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[Contribution] Yoo Myung-hee, a leader to navigate WTO through challenging times


Rep. Song Young-gil
Rep. Song Young-gil


Yoo Myung-hee, minister for trade of South Korea, announced her bid to become the next director-general of the World Trade Organization, along with seven other candidates. These candidates are from the UK, Nigeria, Kenya, Egypt, Mexico, Moldova, and Saudi Arabia. The candidates will be narrowed to five from voting among 164 members, with four votes for each member. Two candidates will then be shortlisted from two votes cast by each member, and ultimately, the appointment will be made in the final round.

Among the eight candidates, Yoo is the only minister currently in office. Coincidentally, she was born in 1967 when Korea acceded to the General Agreement on Tariffs and Trade, and started her career in trade when the WTO was born in 1995. In her 25 years’ career in trade, she has taken part in leading major trade negotiations, namely the Korea-US free trade agreement, Korea-China free trade agreement and Regional Comprehensive Economic Partnership. In 2006, during the negotiation process for the Korea-US agreement under the Roh Moo-hyun administration, I was the chair of the special committee for Korea-US FTA in the ruling party, playing my part to support the deal.

Then, the Roh administration was sworn in with political support from progressive farmers, labor unions and civil groups. Most progressive organizations in Korea were against the idea of opening our agricultural market to US products. Nonetheless, President Roh had a firm belief that without dealing with open trade up front, there is no way that the progressive will become the mainstream of this country. I personally believed that a Korea-US agreement should not shut down our interactions with China and North Korea. I took efforts to add provisions to recognize products manufactured in North Korea’s Kaesong industrial park as Korean products.

I recall that Yoo and I worked together when she was leading the working groups of service and competition for the Korea-US FTA. We did our best to reflect balanced interests in the negotiation for the free trade agreement. I found her meticulous analysis and creative ideas very impressive. After my election as the mayor of Incheon in 2010, I was looking for a key senior member in the office. I was introduced to Jung Tae-ok, who was working at the Ministry of Public Administration and Safety. I could start building trust immediately as he was the husband of Yoo. Jung and I worked together for Incheon for nearly four years.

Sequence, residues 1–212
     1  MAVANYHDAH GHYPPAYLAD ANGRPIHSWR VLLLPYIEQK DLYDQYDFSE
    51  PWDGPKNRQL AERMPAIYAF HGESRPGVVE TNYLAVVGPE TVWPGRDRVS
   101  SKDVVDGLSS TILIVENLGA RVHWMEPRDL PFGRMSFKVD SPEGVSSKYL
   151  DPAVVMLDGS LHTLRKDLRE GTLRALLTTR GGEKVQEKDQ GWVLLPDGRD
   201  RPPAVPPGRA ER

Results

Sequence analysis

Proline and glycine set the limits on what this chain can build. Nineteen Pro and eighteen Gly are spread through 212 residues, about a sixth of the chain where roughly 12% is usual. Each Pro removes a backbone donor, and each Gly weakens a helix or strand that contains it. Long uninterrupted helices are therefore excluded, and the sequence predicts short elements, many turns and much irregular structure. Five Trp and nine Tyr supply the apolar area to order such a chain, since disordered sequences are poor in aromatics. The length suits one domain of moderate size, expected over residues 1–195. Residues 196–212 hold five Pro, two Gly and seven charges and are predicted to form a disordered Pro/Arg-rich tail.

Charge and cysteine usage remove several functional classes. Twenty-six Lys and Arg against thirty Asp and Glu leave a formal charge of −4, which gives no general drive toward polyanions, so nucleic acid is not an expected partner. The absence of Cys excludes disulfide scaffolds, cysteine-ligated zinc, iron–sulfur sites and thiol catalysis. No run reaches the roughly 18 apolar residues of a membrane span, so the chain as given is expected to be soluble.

Jung later served as the vice mayor of Daegu, and then started his political career as a member of parliament, becoming the spokesperson of the opposition party and bitterly criticized the current Moon Jae-in administration. Nevertheless, President Moon appointed Yoo as the Minister for Trade, as he and his office approved of her outstanding achievements over the years.

The WTO is at risk with heightening protectionism and trade disputes, as well as growing conflicts between the US and China. Economies increasingly do away with multilateralism and are growing toward an exclusive bilateralism and block system. However, if the WTO multilateral system does not work, developing and small economies will be disproportionately affected. As contactless trade and new forms of e-commerce expand in the post-COVID19 era, we have a greater call for the WTO’s transformation and reforms. We also call for new leadership, which will facilitate interests of underdeveloped and developed nations alike, and mediate the conflicts between the US and China.

South Korea rejected protectionism, with its development and prosperity underpinned by multilateral free trade. It successfully overcame poverty and became one of the top 10 largest trading nations. Yoo built her experience to deeply understand both the US and China based on her active engagement in both Korea-China and Korea-US free trade agreement deals. Now is the time for Yoo Myung-hee’s leadership to imbue and revitalize the WTO with her 25 years of professional experience in trade, strong ability to build ties with compassion and merits as the only working minister among candidates.


By Song Young-gil
Chair, Foreign Affairs and Unification Committee
National Assembly of the Republic of Korea

The views expressed here are the writer’s own. -- Ed.

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